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Interseed learning curveInterseed learning curve

Cover crop soil building potential drives Iowa farmer to find early seeding success.

Lynn Betts

October 4, 2016

3 Min Read
<p style="margin-left:4.5pt;">Interseeded brassicas like radishes and turnips grew especially well in 2016; annual ryegrass, clover and others in the mix also looked good in late August. </p>

Think different

Jack Boyer has grown cover crops for six years and now they cover all his acres. Such experience has led this northeast Iowa farmer to think fall-seeded cover crops fall short in delivering full soil building potential. That’s why he’s testing early interseeding into V4 to V6 corn for the past two years, and may interseed even earlier next year, into V2 to V4 corn.


Maximizing cover crop performance led Iowa farmer Jack Boyer to change his thinking after year six of experiments. “My goal is to build soil organic matter and capture nutrients in the soil for full use by crops,” he says. Jack-Boyer-interseeder

“I worked with Practical Farmers of Iowa to determine the amount of nutrients that cover crops could capture, based on planting dates. It became very clear that cover crops established earlier in the season captured more nutrients, produced more biomass, and built soil faster.”

Get more INSIGHT: Download Cover Crops: Best Management Practices now!

That led the Tama County farmer to experiment two years ago with interseeding cover crops into almost knee-high corn. In 2015, Boyer used a Valmar air seeder mounted on his anhydrous sidedress toolbar to seed cereal rye into V4 to V6 stage conventional corn on 30-foot wide replicated strips.

“I blew the seed down as I applied nitrogen and let the anhydrous knives incorporate the seed,” he says. “It worked really well, with a beautiful stand that grew well in June and July. I thought it would become spindly and go dormant in August, and then grow back in the fall after harvest, but instead it died. That suggested to me that cereal rye doesn’t have very good shade tolerance.”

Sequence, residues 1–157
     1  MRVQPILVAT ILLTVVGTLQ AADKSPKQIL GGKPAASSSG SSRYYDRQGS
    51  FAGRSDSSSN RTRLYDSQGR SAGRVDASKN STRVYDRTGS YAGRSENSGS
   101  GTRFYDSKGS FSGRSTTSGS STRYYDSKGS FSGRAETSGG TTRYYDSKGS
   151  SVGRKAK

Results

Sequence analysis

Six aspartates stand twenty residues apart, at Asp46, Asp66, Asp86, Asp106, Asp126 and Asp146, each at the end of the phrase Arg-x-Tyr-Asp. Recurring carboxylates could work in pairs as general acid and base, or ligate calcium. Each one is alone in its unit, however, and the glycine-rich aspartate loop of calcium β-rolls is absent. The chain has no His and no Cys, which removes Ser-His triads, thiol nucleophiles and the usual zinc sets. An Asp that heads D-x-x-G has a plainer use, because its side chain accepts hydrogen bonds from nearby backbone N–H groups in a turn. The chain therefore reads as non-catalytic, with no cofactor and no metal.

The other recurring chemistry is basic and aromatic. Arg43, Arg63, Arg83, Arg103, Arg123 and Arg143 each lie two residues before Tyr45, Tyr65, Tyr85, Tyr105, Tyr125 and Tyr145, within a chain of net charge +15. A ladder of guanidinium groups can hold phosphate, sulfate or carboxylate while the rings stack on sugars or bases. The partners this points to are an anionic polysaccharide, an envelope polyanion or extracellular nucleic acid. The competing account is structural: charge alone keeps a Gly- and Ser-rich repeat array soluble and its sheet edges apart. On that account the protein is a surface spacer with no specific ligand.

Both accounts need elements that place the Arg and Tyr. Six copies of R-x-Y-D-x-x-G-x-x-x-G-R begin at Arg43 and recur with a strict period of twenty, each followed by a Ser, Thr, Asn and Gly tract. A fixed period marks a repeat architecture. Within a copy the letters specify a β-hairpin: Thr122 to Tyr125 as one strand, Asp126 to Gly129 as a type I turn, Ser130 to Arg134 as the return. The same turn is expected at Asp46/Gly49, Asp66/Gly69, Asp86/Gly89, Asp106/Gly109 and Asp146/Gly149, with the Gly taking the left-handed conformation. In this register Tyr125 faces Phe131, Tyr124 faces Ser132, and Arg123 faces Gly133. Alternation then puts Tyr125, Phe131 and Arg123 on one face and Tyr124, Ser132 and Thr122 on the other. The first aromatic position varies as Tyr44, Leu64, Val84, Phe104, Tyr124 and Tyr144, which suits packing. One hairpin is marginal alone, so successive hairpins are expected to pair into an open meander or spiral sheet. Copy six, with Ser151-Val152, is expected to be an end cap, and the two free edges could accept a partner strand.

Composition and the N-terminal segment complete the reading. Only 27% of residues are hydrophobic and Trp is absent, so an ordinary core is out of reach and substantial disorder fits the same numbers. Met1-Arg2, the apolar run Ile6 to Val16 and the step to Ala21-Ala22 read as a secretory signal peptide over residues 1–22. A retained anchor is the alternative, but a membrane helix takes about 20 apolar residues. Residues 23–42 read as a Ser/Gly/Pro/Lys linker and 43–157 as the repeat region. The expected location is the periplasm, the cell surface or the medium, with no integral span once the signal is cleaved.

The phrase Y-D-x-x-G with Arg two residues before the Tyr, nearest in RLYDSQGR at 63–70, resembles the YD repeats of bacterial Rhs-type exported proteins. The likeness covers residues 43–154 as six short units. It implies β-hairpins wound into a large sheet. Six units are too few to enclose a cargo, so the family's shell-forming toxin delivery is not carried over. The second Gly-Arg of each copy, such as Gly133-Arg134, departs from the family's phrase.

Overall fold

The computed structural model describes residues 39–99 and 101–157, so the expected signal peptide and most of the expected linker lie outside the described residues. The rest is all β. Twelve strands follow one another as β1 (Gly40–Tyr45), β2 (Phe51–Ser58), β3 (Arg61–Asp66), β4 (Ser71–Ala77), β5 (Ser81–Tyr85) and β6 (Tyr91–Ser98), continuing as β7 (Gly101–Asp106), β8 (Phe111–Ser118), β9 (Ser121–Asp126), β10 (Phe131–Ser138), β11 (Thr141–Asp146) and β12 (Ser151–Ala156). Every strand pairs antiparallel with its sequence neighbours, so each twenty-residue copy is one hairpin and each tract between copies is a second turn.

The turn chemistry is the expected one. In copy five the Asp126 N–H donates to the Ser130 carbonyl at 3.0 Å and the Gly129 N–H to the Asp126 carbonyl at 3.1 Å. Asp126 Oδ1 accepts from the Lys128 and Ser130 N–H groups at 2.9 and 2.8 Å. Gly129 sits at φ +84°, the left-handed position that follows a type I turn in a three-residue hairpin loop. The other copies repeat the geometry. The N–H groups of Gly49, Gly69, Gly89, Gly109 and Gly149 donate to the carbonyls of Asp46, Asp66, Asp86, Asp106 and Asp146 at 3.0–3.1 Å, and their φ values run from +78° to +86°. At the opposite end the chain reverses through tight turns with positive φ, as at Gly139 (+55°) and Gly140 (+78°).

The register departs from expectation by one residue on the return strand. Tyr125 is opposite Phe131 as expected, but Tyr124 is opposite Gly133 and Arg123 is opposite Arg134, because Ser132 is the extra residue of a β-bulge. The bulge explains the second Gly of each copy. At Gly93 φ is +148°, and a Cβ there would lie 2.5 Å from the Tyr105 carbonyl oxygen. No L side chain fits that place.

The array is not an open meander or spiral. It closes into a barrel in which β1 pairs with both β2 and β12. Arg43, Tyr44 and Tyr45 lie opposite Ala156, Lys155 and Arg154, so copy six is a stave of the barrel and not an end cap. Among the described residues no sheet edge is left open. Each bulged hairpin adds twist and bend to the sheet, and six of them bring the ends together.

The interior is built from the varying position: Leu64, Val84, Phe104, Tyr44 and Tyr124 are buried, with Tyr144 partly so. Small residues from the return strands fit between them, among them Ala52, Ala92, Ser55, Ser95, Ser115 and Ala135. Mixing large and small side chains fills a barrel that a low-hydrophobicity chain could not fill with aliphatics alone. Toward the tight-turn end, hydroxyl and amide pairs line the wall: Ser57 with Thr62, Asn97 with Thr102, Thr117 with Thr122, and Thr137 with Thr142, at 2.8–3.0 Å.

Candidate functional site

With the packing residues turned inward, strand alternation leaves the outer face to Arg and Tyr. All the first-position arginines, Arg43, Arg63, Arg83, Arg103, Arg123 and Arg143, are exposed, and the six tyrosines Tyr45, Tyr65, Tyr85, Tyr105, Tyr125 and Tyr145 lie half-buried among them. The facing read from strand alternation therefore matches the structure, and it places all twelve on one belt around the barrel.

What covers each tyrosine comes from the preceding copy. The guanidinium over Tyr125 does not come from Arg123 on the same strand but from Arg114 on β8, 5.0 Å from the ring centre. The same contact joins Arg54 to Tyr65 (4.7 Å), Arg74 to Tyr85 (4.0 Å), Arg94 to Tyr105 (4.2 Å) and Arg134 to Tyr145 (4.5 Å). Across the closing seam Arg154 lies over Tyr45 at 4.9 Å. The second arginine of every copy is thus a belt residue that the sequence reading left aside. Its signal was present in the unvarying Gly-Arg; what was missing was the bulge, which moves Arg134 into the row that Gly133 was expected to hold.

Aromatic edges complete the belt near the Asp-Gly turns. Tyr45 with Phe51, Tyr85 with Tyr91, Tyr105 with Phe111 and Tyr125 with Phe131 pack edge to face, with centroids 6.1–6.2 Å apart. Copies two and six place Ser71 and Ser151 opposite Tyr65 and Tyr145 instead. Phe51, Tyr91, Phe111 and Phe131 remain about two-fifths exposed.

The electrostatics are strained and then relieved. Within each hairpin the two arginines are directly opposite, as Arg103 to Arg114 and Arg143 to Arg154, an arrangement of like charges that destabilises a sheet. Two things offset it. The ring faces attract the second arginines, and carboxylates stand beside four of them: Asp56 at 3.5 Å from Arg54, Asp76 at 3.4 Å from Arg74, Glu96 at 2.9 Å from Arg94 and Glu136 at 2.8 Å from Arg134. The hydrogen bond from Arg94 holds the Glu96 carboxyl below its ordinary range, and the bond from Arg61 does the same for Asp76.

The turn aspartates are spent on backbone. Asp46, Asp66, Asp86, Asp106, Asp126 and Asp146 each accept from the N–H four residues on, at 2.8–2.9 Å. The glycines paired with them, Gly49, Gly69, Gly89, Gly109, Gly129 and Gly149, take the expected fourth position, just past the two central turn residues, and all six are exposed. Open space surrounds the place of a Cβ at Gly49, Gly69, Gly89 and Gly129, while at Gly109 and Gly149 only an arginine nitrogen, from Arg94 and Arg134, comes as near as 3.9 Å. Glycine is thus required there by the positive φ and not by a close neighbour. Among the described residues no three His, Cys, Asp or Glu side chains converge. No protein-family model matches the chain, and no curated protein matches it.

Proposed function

This past year, Boyer used a spin seeder to interseed two cover crop mixes that included annual ryegrass, crimson clover, berseem clover, radishes, lentils, and turnips. As it happened in 2016, all his corn acres were seed corn, including the replicated cover crop strips. “It appears that everything—especially the brassicas—grew well in seed corn.”

Boyer wants to see if the annual ryegrass can overwinter. He doesn’t have plans for next year finalized, but he’s leaning towards earlier seeding around V2 to V4, using annual ryegrass with radishes or turnips for both seed and commercial corn.

Two year takeaways

What has Boyer learned in two years of interseeding?

  1. Timely rains make or break with cover crops.

  2. Corn yields haven’t been affected by interseeded cover crops.

  3. Use shade tolerant species—he’s seen a tall corn canopy kill cereal rye.

  4. Weeds—especially resistant waterhemp—can be a problem.

  5. Cover crops and seed corn might be a perfect match.

  6. My application and seeding methods are viable.

Read what two universities are doing to help farmers make cover crops a workable reality on their farms.  Also check out how one farmer is using cover crops to battle herbicide resistant weeds on his farm. Plus, it may be time for some soil rehab

About the Author(s)

Lynn Betts

Lynn Betts writes from Johnston, Iowa. He is a frequent contributor to Wallaces Farmer.

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